The American Peace Commissioners to David Hartley: Answers to Propositions8
Copies: William L. Clements Library,9 Library of Congress, Massachusetts Historical Society (two), National Archives (two), Archives du Ministère des affaires étrangères; transcript: National Archives
[June 29, 1783]
Answers to Mr Hartleys six Propositions for the definitive Treaty—
To the 1st This matter has been already regulated in the 5th & 6th Articles of the Provisional Treaty1 to the utmost extent of our Powers: The Rest must be left to the several States.
2d All the Lakes, Rivers and Waters, divided by the Boundary Line or Lines, between the United States and his Britannic Majesty’s Territories shall be freely used & navigated by both Parties during the whole extent of such Division. Regulations concerning Roads, Carrying Places and any Land Communications between said Waters, whether within the Line of the United States or that of his Majesty, together with the Navigation of all Waters and Rivers in America belonging to either Party, may be made in the Negotiation of a Treaty of Commerce.
3d & 4th That in all Places belonging to the United States in the Country adjoining to the Water Line of Division, and which, during the War were in his Majesty’s Possession, all Persons at present resident, or having Possessions or Occupations, as Merchants or otherwise, may remain in the peaceable Enjoyment of all civil Rights, and in pursuit of their Occupations, until they shall receive Notice of Removal from Congress, or the State, to which any such Place may appertain, and that, upon any such Notice of Removal, a Term of two Years shall be allowed for selling or withdrawing their Effects, and for settling their Affairs—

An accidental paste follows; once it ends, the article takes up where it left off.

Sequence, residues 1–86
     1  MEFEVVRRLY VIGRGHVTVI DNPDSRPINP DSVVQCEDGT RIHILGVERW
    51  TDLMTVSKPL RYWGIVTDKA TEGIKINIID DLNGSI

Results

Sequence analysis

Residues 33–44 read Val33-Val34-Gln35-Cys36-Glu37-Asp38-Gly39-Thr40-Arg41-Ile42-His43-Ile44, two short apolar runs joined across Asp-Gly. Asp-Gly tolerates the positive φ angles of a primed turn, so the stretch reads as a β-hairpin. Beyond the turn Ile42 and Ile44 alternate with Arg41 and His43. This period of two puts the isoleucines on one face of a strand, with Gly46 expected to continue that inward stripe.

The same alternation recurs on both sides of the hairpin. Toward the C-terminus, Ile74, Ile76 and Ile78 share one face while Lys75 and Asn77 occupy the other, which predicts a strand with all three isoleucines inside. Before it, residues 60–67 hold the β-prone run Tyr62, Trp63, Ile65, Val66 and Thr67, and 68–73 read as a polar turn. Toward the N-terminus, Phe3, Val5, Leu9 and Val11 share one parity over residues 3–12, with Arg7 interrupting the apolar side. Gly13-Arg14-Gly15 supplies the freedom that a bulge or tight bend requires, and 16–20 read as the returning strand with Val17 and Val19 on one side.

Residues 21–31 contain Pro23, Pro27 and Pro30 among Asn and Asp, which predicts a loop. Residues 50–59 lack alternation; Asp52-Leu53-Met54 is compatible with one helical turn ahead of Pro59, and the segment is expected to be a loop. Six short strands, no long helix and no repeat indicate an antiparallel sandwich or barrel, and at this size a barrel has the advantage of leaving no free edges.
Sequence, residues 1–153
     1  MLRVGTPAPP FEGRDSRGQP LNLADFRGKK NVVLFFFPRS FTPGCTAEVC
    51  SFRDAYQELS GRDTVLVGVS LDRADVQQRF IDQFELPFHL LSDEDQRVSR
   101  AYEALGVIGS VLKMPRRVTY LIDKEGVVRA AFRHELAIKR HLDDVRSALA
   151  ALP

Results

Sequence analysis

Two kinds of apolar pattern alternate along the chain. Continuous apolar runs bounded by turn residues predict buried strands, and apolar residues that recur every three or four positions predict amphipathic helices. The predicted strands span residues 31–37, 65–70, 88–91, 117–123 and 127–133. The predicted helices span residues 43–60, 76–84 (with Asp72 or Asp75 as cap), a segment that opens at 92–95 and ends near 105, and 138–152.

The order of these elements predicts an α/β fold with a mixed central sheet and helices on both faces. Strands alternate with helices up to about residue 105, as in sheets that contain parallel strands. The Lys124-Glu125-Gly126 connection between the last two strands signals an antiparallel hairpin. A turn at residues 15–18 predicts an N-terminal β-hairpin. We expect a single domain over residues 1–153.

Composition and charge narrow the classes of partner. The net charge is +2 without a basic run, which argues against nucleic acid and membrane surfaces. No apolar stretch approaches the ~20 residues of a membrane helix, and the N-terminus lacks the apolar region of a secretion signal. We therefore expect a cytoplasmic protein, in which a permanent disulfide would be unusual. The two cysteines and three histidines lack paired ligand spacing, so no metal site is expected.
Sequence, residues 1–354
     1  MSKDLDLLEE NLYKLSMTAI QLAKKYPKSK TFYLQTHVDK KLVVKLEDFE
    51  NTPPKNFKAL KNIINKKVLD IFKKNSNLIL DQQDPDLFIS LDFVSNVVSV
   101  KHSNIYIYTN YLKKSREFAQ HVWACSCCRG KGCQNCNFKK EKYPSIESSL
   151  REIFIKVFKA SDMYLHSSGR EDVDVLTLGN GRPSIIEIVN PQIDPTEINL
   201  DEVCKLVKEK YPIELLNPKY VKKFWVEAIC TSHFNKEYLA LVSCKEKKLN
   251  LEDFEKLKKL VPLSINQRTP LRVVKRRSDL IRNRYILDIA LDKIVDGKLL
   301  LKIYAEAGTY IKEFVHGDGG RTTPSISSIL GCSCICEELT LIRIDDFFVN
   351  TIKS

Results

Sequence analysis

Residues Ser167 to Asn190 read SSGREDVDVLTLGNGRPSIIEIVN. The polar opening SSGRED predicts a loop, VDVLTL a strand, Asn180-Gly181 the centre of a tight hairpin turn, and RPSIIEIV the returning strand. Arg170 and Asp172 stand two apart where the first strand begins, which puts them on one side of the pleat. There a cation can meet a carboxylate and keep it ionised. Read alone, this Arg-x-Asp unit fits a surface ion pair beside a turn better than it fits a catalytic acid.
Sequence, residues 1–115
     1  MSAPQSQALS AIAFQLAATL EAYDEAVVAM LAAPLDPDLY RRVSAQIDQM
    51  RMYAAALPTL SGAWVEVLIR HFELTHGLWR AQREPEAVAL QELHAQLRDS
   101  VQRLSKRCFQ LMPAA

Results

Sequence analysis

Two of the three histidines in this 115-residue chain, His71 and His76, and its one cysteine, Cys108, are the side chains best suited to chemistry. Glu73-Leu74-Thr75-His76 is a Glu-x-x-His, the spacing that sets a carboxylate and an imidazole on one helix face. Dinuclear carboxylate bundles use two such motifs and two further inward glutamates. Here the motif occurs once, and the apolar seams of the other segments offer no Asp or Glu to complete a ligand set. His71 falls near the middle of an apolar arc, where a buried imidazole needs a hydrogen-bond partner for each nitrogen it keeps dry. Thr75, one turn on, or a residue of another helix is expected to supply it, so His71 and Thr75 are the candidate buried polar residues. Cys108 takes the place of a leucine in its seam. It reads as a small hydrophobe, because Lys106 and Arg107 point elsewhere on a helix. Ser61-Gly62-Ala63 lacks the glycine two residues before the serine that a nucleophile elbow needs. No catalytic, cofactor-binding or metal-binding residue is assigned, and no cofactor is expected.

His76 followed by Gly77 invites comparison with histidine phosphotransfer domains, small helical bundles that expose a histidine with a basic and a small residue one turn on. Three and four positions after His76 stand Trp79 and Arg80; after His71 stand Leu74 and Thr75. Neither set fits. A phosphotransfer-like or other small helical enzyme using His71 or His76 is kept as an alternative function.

5th That his Britannic Majesty’s Forces not exceeding [blank] in number, may continue in the Posts now occupied by them, contiguous to the Water Line, until Congress shall give them Notice to evacuate the said Posts; and Garrisons of their own shall arrive at said Posts, for the purpose of securing the Lives, Property and Peace of any Persons settled in that Country, against the Invasion or Ravages of the Neighbouring Indian Nations, who may be suspected of retaining Resentments in consequence of the late War.
6th The Consideration of this Proposition may be left to the Treaty of Commerce.
8. After receiving Hartley’s six propositions on June 19, BF, JA, and Jay met frequently to craft their answers and to complete their own proposals (immediately below). An unannounced visit by Hartley on June 25 found them all together, “in great agitation” over what he surmised were letters from London warning them against trusting the British: Hartley to the Duke of Portland, June 26, 1783 (Clements Library). On June 27 JA wrote to Livingston that they had made so much progress in preparing a definitive treaty that they expected to be able to give it to Hartley the next day: Adams Papers, XV, 61. They presented this and the following documents to him on June 29, according to Hammond’s notations on each.
9. Hartley’s retained copy, in the hand of his secretary George Hammond. We publish it for two reasons: it is the only extant copy that is dated, and it incorporates the numbering changes that the commissioners made after they had prepared the now-missing holograph and made their own copies. (They drafted only five answers and originally numbered them 1–5. They later added the number “4” to their third answer, and renumbered the rest. WTF made these changes in one of the copies sent to Congress, now at the National Archives.) Hartley forwarded a copy to Fox on July 1, indicating that it was a duplicate (Giunta, Emerging Nation, I, 866–70); we have not located the first copy, which was presumably dated June 29.
1. XXXVIII, 385–6.